Very good. Go by what the counters say - DM says Rally +4, not MC +4.

Quote:
If anybody knows a good tutorial or thread that contains great tactical advice in game procedures, please let me know.

There are bunch of tutorials in this forum written by Jay (richfam) that I'm sure you'd find helpful.
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the scrub
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Daltonovich wrote:
If anybody knows a good tutorial or thread that contains great tactical advice in game procedures, please let me know. Thanks!


Check out my blog. The right hand links list has a whack of resources from the 'net on it, including the absolutely indispensible richfam tutorials.

http://triplepbf.blogspot.com/

EDIT: Where are my manners?! WELCOME TO ASL! laugh
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Marty M
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Hi Ryan,

Here's a link to richfam's essential tutorial for ASLSK1 right here on BGG:-

http://www.boardgamegeek.com/filepage/35936

Good luck!
 
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Ryan Dalton
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Thanks a ton guys, that will make things much easier for our game next week (War of the Rats! I'm already jazzed up about it). I do have Jay Richardson's tutorials (thanks for the links) and went through the first one a while back (like 2-3 months ago), but I think that I'm going to need to read it again though plus read the other ones as well so I can get my tactics down better.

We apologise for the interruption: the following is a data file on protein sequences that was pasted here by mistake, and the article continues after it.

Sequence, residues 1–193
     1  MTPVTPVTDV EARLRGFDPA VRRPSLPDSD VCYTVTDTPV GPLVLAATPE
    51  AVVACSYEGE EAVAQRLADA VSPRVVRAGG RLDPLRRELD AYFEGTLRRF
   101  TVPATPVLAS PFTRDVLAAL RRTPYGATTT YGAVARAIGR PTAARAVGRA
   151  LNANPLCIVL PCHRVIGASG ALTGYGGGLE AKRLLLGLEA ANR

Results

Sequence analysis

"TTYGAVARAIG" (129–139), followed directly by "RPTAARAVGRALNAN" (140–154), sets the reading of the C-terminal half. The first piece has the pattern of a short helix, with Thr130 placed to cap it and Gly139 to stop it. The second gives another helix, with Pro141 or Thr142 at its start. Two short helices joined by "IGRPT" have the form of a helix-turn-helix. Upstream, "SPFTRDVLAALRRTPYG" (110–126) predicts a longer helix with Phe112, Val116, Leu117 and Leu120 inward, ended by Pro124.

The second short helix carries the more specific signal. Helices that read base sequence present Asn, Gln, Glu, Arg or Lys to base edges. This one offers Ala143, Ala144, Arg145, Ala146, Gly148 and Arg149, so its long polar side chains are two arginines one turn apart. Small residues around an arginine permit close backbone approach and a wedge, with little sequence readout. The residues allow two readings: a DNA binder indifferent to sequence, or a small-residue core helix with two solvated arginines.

It's a little strange, I've never played a game like this. It's kept me thinking about it afterward, and despite it's length and the confusion with rules and rulebook searches (things that usually detract me from certain games), I already want to play again.

I expect I'll be getting into VASL here shortly.

Thanks again.


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Robert Wilson
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re; Slow game, The first few games I played I was so overwhelmed almost by learning the system itself, I didntreally have time to analyse the tactical ramifications of certain moves , I still had a massive amount of fun though!

After that however I started to learn more about moving units in a specific order IE: move half squads close to draw fire, then run squads around the range of the enemy, or to move units SINGLY not in a stack


Glad to hear you had fun, and thinking about the game when you are finished is a good sign I think, it means the concepts are starting to take root!
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Chip Hundley
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dude163 wrote:
After that however I started to learn more about moving units in a specific order IE: move half squads close to draw fire, then run squads around the range of the enemy, or to move units SINGLY not in a stack


I believe that "moving in stacks is a really bad idea" is the first lesson I learned while picking up the game.